There’s nothing like the savory, mildly sweet, smoky taste of galbi, the Korean dish of beef short ribs, marinated and grilled. It’s often served as ssam – a wrapped food – with a lettuce leaf and a smear of gochujang, the spicy red pepper bean paste, and assorted side dishes like kimchi. I thought it might be delicious to incorporate these flavors into a burger, especially one using ground short rib.

Instead of a big dab of gochujang, this burger features a spicy mayonnaise. I make my own, but you can substitute a good quality jarred mayonnaise, such as Hellman’s or Duke’s.

1/2 lb beef short rib (boneless)
1/2 lb beef brisket
1/2 lb bottom sirloin (or other sirloin)
kosher salt
1 tsp sesame oil
1 tsp soy sauce
clove garlic
1/8 tsp ground white pepper
large pinch sugar
butter lettuce or crisphead lettuce (like iceberg)
1 c baechu kimchi (cabbage kimchi), chopped coarsely
1/2 c mayonnaise
1 tbsp gochujang (Korean hot pepper paste)
6 burger buns

Combine the mayonnaise and gochujang in a small bowl. Cover and keep refrigerated. Rub a separate small bowl with the garlic clove and, in the bowl, combine the soy, sesame oil, white pepper, and sugar.

Cut the beef into 1″ cubes and spread evenly on a sheet pan. Season with 1/2 tsp kosher salt per pound of meat. If you have to use a table salt, cut this quantity in half. Freeze the meat until firm (about 30 minutes) and pass through a grinder with a medium die.

Split the buns and place, cut side up, on a baking sheet. Place under a hot broiler until lightly toasted on the cut side. Remove and set aside.

Form the meat into six patties, 4 oz each. Brush each very lightly with the sesame-soy mixture. Sesame oil has a strong taste, so more is not better in this situation. When I say lightly, I mean lightly. Place a large skillet over medium-high heat and, when hot, film with oil. Fry the burgers on one side until browned, and flip with a spatula. Reduce the heat to medium-low and cook to the desired doneness. Alternatively, you can grill the burger.

Spread gochujang mayonnaise on the cut side of each bun. Top the bottom halves with lettuce. Place the burger on top and top with kimchi. Serve immediately.

Korean BBQ burger

Sausage burger

While I’ve got you here, let me share another burger favorite. This one features pork, the king of meats, and Italian flavors. The bitterness of the radicchio cuts right through the fattiness of the sausage, and the mushrooms and Parmigiano cheese turn this sandwich into an umami festival. Combine caramelized onion for sweetness and pickled onion for acidity and you’ve got a perfect bite.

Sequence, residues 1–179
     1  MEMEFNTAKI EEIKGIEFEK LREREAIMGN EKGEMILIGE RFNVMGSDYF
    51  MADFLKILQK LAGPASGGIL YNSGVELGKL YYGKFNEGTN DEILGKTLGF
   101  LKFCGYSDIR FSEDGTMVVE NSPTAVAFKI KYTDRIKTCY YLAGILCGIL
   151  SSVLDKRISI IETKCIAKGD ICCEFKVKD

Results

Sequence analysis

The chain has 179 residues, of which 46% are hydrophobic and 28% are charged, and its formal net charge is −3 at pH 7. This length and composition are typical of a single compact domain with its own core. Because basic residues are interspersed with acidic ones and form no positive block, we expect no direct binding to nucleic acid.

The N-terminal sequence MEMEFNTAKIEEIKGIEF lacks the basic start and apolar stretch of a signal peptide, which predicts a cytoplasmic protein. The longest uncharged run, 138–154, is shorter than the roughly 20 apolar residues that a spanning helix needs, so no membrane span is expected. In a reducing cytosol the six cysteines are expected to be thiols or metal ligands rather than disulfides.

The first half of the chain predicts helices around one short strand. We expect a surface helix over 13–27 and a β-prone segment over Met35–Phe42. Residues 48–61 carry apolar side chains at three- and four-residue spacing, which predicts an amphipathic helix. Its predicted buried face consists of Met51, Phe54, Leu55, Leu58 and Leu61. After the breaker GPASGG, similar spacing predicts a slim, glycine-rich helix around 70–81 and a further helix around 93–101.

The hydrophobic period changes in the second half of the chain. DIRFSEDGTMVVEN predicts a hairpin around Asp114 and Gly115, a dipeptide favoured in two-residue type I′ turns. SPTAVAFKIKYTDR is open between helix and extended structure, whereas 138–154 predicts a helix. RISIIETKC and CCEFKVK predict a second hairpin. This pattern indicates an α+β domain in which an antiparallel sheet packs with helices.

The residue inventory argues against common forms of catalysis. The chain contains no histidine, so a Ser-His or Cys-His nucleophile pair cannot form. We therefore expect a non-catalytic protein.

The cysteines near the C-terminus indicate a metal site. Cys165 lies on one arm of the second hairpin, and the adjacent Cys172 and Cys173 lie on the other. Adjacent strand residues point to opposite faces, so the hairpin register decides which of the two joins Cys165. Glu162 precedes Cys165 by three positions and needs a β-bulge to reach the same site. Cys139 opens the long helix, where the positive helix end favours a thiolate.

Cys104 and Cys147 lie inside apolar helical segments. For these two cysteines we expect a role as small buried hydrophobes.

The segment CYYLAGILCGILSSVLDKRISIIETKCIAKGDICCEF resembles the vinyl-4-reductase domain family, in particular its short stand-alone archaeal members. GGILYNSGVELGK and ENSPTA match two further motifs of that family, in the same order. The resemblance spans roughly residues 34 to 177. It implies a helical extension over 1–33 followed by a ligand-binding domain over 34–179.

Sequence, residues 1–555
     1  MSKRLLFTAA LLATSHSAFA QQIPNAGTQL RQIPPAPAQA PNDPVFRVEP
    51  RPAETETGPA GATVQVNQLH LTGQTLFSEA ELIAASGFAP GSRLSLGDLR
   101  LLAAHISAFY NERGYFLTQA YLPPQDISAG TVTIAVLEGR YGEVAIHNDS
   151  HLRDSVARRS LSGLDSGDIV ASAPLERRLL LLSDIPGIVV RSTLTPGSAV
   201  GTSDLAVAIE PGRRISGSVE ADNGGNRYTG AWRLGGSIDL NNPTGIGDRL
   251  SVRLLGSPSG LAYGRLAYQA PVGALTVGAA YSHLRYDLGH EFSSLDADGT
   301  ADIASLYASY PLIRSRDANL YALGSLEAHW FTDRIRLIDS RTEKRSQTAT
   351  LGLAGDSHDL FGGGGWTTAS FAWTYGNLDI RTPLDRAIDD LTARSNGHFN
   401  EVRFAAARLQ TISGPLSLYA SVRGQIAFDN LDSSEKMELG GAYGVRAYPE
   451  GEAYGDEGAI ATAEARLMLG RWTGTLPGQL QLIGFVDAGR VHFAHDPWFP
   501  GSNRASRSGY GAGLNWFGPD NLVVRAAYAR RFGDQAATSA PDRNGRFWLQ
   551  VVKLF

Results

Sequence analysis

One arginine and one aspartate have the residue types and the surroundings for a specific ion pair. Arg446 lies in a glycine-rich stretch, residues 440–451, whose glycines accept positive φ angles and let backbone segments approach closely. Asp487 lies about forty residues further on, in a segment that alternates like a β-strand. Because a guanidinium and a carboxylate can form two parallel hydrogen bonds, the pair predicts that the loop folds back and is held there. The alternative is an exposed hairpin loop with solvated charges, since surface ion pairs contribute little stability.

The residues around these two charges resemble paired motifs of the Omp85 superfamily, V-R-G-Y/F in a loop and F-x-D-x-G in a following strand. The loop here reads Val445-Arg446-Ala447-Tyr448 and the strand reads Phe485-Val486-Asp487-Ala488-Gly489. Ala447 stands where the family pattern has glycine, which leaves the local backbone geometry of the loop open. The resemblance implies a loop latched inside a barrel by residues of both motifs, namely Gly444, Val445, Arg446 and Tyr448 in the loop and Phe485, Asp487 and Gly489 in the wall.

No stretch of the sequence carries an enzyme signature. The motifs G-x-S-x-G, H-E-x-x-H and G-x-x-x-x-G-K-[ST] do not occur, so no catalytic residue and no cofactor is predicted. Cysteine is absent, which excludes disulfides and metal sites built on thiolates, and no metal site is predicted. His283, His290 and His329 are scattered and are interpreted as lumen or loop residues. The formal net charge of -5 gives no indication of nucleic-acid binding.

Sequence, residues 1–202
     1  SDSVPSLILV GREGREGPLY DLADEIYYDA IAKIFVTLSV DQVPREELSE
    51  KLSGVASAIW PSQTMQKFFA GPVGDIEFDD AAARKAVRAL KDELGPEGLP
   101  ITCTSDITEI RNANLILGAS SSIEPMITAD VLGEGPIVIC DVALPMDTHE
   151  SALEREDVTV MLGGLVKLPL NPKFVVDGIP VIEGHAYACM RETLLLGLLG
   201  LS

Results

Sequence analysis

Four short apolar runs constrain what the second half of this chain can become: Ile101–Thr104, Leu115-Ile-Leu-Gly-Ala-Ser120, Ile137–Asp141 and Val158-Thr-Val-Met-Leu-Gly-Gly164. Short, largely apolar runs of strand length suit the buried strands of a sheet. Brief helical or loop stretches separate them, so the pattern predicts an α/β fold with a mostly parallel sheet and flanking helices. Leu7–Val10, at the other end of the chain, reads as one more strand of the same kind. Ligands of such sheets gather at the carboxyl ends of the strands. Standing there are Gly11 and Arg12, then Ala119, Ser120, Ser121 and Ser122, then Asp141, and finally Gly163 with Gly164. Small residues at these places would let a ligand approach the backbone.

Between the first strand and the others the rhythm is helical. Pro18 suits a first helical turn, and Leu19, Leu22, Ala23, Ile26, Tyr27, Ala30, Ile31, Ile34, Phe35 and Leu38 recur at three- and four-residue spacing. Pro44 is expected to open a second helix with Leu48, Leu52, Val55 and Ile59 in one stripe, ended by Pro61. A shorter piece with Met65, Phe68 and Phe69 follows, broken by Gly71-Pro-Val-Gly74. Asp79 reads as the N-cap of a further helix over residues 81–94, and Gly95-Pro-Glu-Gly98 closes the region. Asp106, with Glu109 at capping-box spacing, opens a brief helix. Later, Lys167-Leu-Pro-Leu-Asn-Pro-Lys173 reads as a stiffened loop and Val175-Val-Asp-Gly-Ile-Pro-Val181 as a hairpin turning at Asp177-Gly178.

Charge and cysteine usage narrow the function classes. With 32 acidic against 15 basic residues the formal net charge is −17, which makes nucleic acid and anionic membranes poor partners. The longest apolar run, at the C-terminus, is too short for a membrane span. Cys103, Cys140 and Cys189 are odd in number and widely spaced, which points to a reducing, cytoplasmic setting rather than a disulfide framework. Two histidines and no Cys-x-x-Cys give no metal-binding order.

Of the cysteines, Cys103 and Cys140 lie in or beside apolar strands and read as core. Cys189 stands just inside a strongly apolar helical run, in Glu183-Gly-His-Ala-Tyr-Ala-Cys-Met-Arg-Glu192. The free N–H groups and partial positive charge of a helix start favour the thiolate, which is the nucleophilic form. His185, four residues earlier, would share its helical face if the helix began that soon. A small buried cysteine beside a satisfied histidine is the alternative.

1 1/2 lbs sausage, from this recipe
10 oz white button mushrooms, sliced thinly (1/8″ or so)
unsalted butter
salt (truffle salt is especially good) and pepper
1/4 c dry white wine
radicchio leaves, washed and dried
12 paper-thin slices Parmigiano-Reggiano
4 oz Fontina Val d’Aosta, in 12 slices
Pickled onion, from this recipe
Dijon mustard
6 burger buns

Split the buns and place, cut side up, on a baking sheet. Place under a hot broiler until lightly toasted on the cut side. Remove and set aside.

Place skillet on high heat and, when hot, add about 2 tbsp butter. Add mushrooms and saute until they have given up their liquid and reabsorbed it; add wine. Cook, stirring from time to time, until all liquid is absorbed. Once liquid is absorbed, cook, stirring infrequently, until mushrooms are golden brown. Season with salt and pepper.

Form the meat into six patties. Place a large skillet over medium-high heat and, when hot, film with oil. Fry the burgers on one side until browned, and flip with a spatula. Reduce the heat to medium-low and cook through completely, topping with a slice of cheese. Don’t overcook them, though – they need to be moist.

Spread the bottom halves of each bun with mustard and top with radicchio. Place the burger on top and top with sauteed mushrooms and pickled onion. Serve immediately.

Sausage burger

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10 thoughts on “Burgermeister meisterburger.

  1. Wendi says:

    Oh my, that Patty Melt is making me quite hungry. I think I need to come to your house for dinner.

  2. Your post brings back memories of growing up in WI, and the adjustments my palate had to make when I moved to CA for college. Pining for tastes of home (eh hem, excuse me, this is *not* an onion ring), while simultaneously finding the ethnic diversity of Southern California food to be a revelation. Mmm… kimchi on a burger… awesome… Thanks for sharing.

  3. You have waxed eloquent on the benefits of personally selecting and grinding the beef, and I applaud you. I fully agree with you about the bread. You’d think that the basic architecture of Patty Melt would be accessible to even the most technically challenged grill person, and the bread — proper crispy grilled bread — is a crucial element of this guilty pleasure.

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  5. Jack says:

    Thanks for codifying something I love. I have been preaching to people about the joys of kimchi on grilled burgers for a long time and few have listened. It’s sooo good!